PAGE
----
Tribunal is another word for Tragedy
Interview with Milo Rau by Lorenzo Mango (28 Nov. 2018)
Lorenzo: When you were very young your interests were oriented to political and social activism and you have been a scholar in sociology too. How and why did you decide to transfer these interests into theatre?
Milo: I was about 20–21, when I started to do theatre. I went at that time to Berlin to study. (Before I had studied in Paris). My then-girlfriend was studying theatre and directing, and started working in theatre, so I began to be interested in it too. I didn’t have a typical approach to theatre; I hadn’t as a very young boy been used to going to the theatre. I just started to do it, and I decided this for several reasons. One is that theatre is a place where you can do things in the moment; it’s not like writing, where you have to publish, or like cinema, that needs a whole post-production process. In theatre you can just try it out, so you are working at the very moment, and that’s what I liked.
A second reason is that you can mix everything – I don’t know, political work, telling stories, camera work, lights, working together with people etc. – all you can bring in. Last but not least, theatre is a collective work, so it’s not like writing. I like writing too, sometimes, working alone, but I prefer working with people, so that’s why I prefer, for example, an interview to just writing a text, because there’s somebody listening, and this is close to how you work in theatre. You come into a room where you find people watching you, waiting for an action. That’s how I approach my work, and it’s very practical, usually. At the same time, there can be a lot of accidents.
I think the last reason for me is the situation of trends taking off, in Germany especially. I think that every country has its main art, so to speak, perhaps in France it’s writing books or philosophy or making movies; in the US it’s shows; in England it’s TV; in Japan it’s comics; and in Germany, I think, it’s theatre, an art made by a lot of people, and widely discussed. Whatever you do in theatre can create big discussions. Theatre is really a public art in Germany, much more, I think, than in other countries, much more than shooting movies or writing books. The fact that it’s a public art is another reason I chose to do theatre.
Lorenzo: So, you chose theatre because it was a way to tell stories but also to put together people, to form a community, to make a community of people.
Milo: Yes, that’s it. At the moment of presenting theatre, you are in front of your audience. At the moment of presenting a book you can’t see your reader, just as you can’t see people listening to the record you made. Theatre is always like a concert or like a public speech, where you see the reactions of people in that very moment, and that’s a wonderful thing, but it’s very hard too. The direct contact with the public can be very hard, but it’s also very exciting. I like this direct exchange.
Lorenzo: Did you have any artistic reference point at the beginning of your theatrical activity? Did you look at theatre or at other arts?
Milo: I think my models have been mainly movies. When I was young I watched a lot of movies, but not so much theatre. There was, at that time, a realistic approach in the new German cinema, especially in the so-called Berlin School, that interested me. You could find a very direct approach to reality in some directors of that school, coming perhaps a bit from Michael Haneke, like just showing the real somehow, in a very direct realism. I don’t remember theatre that influenced me.
Lorenzo: You choose for your productions subjects that have a historical relevance. You said once that you weren’t interested in private stories. What does the concept of ‘historical relevance’ mean for you, and how do you choose the subjects you want to work on?
Milo: Normally there is a very personal reason, something connected with my life, with my biography. For example, for The Last Days of Ceaușescus I remember when I watched the televised pictures of the execution of Nicolae and Elena Ceaușescu, the Romanian dictator and his wife, when I was twelve years old. Around 20 years later I created a play about this, because I had been very deeply impressed by these pictures on television, by this moment, and also, by chance, part of my family lives in Romania. All these elements came together to push me to work on this topic.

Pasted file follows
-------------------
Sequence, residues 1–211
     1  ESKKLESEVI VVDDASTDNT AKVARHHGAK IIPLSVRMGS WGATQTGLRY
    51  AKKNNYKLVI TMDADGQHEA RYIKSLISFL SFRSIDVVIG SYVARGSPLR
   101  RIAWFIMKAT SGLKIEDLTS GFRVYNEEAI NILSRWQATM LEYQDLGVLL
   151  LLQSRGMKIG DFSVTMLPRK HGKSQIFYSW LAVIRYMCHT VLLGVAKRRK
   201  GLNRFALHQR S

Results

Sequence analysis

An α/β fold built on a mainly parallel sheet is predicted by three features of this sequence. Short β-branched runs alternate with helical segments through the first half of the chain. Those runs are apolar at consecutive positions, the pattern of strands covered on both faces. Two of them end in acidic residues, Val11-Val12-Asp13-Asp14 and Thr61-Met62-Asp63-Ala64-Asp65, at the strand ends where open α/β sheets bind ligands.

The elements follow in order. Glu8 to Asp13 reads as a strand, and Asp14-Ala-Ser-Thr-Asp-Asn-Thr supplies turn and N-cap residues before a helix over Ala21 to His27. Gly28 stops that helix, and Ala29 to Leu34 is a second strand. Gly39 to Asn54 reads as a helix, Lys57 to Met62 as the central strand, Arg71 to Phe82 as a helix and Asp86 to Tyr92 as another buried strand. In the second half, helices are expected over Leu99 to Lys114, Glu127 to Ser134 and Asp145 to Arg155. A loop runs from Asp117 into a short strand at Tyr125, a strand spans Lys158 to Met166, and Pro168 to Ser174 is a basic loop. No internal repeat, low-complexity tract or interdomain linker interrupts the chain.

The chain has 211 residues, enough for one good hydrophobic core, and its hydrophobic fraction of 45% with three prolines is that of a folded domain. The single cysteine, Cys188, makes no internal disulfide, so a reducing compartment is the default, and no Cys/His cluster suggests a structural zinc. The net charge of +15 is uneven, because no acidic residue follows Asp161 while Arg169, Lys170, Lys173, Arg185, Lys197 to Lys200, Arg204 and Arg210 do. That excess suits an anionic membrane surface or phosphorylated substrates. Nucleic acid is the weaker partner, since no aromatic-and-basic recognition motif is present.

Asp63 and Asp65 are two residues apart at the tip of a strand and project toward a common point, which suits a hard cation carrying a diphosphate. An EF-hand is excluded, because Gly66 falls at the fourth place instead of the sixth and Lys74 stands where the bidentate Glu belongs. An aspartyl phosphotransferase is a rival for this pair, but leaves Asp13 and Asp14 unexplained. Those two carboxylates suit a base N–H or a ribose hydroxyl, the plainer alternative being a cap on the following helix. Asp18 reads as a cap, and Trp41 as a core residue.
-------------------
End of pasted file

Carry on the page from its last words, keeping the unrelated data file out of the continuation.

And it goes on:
In Hate Radio I worked about the genocide in Rwanda in the 1990s, when I was 17. Those people, listening to the same music as I did, my same age, part of my same generation, became killers or victims of a genocide, while I was listening to the same music in a college in Switzerland. In the choice of a topic for my work there is always something that comes out of my biography, a personal interest. The same thing happened, for example, in The Moscow Trials, or The Congo Tribunal. I had travelled to Africa, and I had studied Russian when I was young. What activated my interest for The Moscow Trials was that the National Theatre in Germany asked me if I wanted to do a play about the Gulag, and I said ‘Yes, but let’s do a play about the Moscow Trials’. So I travelled to Russia where I knew more dissident artists, and I decided to work together with them, and then I dedicated myself slowly to do it. And now, while I’m doing Oresteia and working on Greek tragedy, this is wonderful for me, because at school I studied Ancient Greek and Latin and I was always interested in them. I was reading that stuff, and at one moment I started to work on it. Then, of course, there are other, additional reasons.
Normally there is a long evolution in the construction of a play. At the beginning, I just know something about what I want to do. I have just a quite vague idea. For example, in The Civil Wars, when I started that project in 2013, I was interested in jihadism, and I ended up doing a play about the biographies of the actors, which became part of the European Trilogy1. It was a very intimate form of theatre, that came out of somewhere totally different, and that’s very typical of my approach to work. An actor that I’m working with, once said, ‘Normally you don’t know, with directors, where you can go to. With Milo, you don’t even know where you start’. Normally only in the last weeks of a production do we know what it is about. Even if later everything is very clear, we move at the beginning from an idea that can completely change, because we are searching all the time. That’s why also I like the collective process. It’s as if a group asked me to find a subject that I couldn’t find myself; I find out what I’m interested in by discussing and working on it with other people. That’s why I can say that I find the subject or the reasons for doing stuff in the biographies, in the collaboration with my collaborators. Sometimes it’s an assistant, or somebody I need or expect, and sometimes it’s the theatre I’m working for that gives me the inspiration to tackle this or that topic.